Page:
Here were a few of my other favorite sections/lessons:

  • Esta chica esta loca.  As an entrepreneur, there are many times when you need to do crazy things.  In fact, if you're not doing a few things that conventional wisdow would refer to as crazy, you're not thinking big enough.
  • Fire your mother-in-law.  Sometimes, when you are growing and evolving the business, you have the courage to kill "sacred cows" (pun intended - but not all related to my mother-in-law, who is lovely)...
  • Flawsome.  Effective leaders are very human - flawed AND awesome at the same time.
  • Upside down mentoring.  I've written about Reverse Mentors and Linda's concept is similar - senior people should seek out junior ones to learn from them, not just mentor them.

The book is chock-full of funny, engaging stories and case studies as well - some familiar, but most unfamiliar and not your typical entrepreneur yarns (e.g., I never knew the story behind Maidenform Brands).  

If you're looking for a good read this fall, I highly recommend it.

October 06, 2014

After Ringing the IPO Bell

Last week's successful IPO of e-commerce giant Wayfair (market cap $3B) and this week's impending IPO of Hubspot (if it prices in the range, market cap $600m) has many in the Boston tech community celebrating.  They are not alone.  2013 was the best year for IPOs since the tech bubble of the 90s and 2014 looks to wrap up even stronger this quarter.

I was an executive at a hot IPO company during the last big tech boom (NASDAQ: OMKT) and, like many who lived through that cycle, I gleaned a few important lessons. After the IPO party is over (and we had a great IPO party) and the euphoria wears off, you actually have to run a company and live up to the big expectations that you have just publicly set. Your venture capital investors and many early employees head for the door and you are left holding the bag. Here are a few things I learned after my 16 quarters as an executive post-IPO:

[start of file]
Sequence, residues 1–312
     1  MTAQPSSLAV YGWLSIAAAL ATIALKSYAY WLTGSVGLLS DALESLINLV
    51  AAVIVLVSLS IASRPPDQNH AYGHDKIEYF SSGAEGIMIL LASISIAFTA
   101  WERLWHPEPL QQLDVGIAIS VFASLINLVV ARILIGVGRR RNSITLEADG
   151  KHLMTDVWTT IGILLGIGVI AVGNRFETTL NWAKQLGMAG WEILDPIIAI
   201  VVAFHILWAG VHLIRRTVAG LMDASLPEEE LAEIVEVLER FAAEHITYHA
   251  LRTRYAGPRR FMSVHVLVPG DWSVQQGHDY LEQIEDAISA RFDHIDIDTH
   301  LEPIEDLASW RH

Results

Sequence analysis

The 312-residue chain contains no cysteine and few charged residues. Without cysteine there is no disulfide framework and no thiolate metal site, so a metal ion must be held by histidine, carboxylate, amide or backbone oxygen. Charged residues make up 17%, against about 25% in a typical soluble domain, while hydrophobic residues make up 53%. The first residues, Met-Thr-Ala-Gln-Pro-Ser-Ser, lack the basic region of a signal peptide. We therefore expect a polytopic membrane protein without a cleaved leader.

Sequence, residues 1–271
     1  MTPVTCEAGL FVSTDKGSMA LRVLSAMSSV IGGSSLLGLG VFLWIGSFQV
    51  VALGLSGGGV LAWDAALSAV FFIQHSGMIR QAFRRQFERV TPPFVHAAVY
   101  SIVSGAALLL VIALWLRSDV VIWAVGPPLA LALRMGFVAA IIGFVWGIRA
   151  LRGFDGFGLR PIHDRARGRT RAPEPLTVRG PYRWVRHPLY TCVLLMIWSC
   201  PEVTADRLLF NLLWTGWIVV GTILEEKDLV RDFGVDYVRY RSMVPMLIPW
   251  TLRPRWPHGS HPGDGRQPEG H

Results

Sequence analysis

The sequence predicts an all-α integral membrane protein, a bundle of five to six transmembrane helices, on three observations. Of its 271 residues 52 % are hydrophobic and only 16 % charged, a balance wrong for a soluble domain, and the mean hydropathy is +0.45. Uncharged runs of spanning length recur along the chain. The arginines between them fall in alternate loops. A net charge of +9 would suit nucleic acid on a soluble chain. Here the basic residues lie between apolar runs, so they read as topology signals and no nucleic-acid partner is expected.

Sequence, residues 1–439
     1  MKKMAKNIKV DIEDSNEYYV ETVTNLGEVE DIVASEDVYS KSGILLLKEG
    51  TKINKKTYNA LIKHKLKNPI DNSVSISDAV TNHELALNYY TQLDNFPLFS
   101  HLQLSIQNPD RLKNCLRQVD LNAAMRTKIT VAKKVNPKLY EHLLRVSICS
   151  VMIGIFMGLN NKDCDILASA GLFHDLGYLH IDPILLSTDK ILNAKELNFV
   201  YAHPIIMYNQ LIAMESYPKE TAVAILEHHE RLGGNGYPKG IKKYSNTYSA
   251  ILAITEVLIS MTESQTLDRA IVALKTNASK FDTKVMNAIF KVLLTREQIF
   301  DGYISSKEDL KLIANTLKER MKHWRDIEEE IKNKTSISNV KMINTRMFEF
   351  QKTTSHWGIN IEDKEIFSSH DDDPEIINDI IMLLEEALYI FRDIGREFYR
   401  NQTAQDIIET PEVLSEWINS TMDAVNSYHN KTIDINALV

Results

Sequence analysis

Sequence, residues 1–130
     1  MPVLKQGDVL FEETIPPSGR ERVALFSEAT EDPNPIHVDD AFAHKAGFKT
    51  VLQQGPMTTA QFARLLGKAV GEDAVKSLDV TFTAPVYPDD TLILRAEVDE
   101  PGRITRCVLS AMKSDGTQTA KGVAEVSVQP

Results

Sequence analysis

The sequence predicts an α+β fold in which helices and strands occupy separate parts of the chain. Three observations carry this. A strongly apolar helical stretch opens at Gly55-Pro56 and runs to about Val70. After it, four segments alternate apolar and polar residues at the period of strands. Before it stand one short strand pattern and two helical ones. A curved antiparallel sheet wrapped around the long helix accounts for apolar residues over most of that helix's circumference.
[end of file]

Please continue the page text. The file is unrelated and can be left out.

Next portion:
1) The Mission Continues.  On average, it takes 8-10 years for a start-up to go public. After a lot of ups and downs, twists and turns, it feels like a massive victory (aka "Mission Accomplished", as George Bush famously declared regarding Iraq in 2003). By that time, your team will be exhausted. Naturally, a huge let-down ensues, particularly after the first hiccup - and there will always be a hiccup:  a missed quarter, a departing executive or major customer, something. Recruiters and venture capitalists salivate over picking off executives at recently public companies with the siren song of "don't you want to do that again?". If the stock price flags, all the better. Executive teams need to focus their staff post-IPO on a new mission. Be clear that the end goal was never an IPO - that is merely a financing event, a means to an end.  The end goal is industry transformation, customer satisfaction, etc. Find that new mission - and make sure you get your team behind it. Give them more stock options, more incentives and more inspiration to go at it hard for another 8-10 years.